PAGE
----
BBC Radio 7, 19 April 2009
As part of the mini-season celebrating Ayckbourn's seventieth birthday,
BBC Radio 3 devoted an episode of their nightly arts programme Night Waves to a discussion of Ayckbourn's contemporary
reputation. The panellists - including actress Penelope Wilton and Ayckbourn's biographer Paul Allen - concluded that The
Norman Conquests (1974) should be treated as a period-piece, a relic of a time when middle-class expectations extended
to no more than a dirty weekend in East Grinstead.
Gordon House's 1990 revival of the trilogy gave no indication of its original setting
in the 1970s; but bearing the panellists' comments in mind, I have to say that Living Together (the second of the
three plays) offered an accurate, if somewhat jaundiced, portrayal of middle-class life - a world of surfaces concealing a
basic resentment between the members of a suburban family gathering at Annie's (Diane Bull's house) for a weekend. Sarah (Tessa
Peake-Jones) desperately tried to maintain control of everyone else; when she felt she was losing that control, she reacted
hysterically. Her husband Reg (Simon Jones) tried to interest everyone in his home-made board game, but found little interest.
However he made sure that no one could see how disappointed he actually was. Meanwhile Annie remained frustrated by her humdrum
existence - having to look after her bed-ridden mother - and by the shortcomings of her supposed boyfriend Tom (John Strickland),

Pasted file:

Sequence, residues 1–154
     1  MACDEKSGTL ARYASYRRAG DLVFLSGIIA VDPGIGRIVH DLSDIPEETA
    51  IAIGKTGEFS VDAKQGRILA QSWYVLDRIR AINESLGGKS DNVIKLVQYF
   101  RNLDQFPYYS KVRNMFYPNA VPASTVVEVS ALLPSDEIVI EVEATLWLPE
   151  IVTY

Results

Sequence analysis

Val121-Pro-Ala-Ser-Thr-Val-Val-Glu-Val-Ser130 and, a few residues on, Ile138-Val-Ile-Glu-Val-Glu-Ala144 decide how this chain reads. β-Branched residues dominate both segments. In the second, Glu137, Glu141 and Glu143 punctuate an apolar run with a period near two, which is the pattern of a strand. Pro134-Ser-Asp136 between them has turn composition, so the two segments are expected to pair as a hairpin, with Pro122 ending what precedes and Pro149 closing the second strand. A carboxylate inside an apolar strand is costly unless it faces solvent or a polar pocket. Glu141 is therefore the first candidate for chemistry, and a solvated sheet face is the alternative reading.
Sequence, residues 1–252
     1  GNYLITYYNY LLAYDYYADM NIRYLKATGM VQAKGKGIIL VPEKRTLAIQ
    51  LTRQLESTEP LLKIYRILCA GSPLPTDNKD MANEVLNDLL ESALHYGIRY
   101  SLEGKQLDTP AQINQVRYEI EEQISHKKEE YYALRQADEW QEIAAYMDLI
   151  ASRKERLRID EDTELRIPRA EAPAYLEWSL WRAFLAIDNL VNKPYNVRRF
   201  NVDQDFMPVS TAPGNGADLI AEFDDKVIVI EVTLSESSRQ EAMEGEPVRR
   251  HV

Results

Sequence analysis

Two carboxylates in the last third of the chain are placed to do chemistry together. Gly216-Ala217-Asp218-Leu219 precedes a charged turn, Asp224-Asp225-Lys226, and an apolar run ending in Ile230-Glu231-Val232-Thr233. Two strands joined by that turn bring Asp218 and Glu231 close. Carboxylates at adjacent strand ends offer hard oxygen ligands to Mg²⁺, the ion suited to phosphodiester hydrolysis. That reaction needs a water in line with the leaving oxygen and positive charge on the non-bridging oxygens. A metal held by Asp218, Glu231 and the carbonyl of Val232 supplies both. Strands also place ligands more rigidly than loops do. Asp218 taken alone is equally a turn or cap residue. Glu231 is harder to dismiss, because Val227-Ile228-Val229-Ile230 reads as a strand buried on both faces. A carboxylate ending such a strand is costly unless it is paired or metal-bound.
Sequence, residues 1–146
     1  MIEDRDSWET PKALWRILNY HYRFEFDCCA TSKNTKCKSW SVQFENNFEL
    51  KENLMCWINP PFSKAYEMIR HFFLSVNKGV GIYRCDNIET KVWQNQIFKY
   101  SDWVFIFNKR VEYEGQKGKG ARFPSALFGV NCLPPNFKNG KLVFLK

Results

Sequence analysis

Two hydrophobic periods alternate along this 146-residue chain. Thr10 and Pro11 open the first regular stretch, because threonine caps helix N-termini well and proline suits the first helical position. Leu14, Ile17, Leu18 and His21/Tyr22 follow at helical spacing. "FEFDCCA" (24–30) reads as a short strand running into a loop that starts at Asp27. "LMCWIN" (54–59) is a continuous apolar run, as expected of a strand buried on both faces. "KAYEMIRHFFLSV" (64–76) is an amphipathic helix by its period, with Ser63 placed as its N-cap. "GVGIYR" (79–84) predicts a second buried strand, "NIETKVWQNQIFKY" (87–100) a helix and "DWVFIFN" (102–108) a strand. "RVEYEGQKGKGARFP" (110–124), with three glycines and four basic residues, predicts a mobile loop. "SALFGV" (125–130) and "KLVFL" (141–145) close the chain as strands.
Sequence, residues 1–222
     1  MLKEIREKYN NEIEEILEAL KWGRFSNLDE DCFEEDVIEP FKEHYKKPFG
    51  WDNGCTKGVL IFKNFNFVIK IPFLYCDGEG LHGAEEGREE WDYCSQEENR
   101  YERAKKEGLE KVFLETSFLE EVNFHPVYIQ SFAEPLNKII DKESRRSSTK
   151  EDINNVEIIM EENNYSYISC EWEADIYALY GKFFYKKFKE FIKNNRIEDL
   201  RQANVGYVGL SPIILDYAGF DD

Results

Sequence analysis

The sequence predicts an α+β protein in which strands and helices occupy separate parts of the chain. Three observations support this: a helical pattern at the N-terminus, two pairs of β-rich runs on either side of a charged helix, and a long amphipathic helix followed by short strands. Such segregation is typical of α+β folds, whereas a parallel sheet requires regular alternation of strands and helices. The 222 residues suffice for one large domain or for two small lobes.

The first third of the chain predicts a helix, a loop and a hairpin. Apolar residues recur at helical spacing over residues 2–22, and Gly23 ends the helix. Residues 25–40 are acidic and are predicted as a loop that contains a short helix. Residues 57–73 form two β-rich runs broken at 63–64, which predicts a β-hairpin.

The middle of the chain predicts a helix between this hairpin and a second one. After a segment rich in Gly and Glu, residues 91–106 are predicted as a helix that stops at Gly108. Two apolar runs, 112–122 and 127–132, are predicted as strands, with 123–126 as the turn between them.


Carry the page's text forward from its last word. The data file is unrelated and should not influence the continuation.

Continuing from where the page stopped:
who prefaced all his utterances with a lengthy "Ummm ..." as if unwilling - or more likely unable - to commit himself to anything.
So far so good. But then there was the eponymous Norman (Robin Herford), an assistant
librarian who was not only an agent provocateur, but professed a unique ability to bed any woman he wanted, including
Annie, Sarah and his wife Ruth (Lisa Rider). Ayckbourn lets him have his cake and it; despite being a feckless romantic, Norman
emerged from all conflicts with little more than an emotional slap on the wrist. He provided a good source of comedy - particularly
when he and Annie made fun of Tom's speech - but I was still left with the impression that Ayckbourn gives all the best lines
to the male characters, while leaving the women confined to their appointed roles as housewives and mothers.
Nonetheless I have to admit that I enjoyed Living Together more than Table
Manners (the first play in the trilogy which I reviewed last year). Partly this was due to familiarity: the characters
appeared like old friends returning once again to entertain. Yet Living Together also showed Ayckbourn's gift for
combining comedy and savagery: we laugh at Tom and Sarah's shortcomings, yet realize that they could lash out at any moment
in sheer frustration. It is only their understanding of the importance of appearances in suburban life that prevents them
from doing so.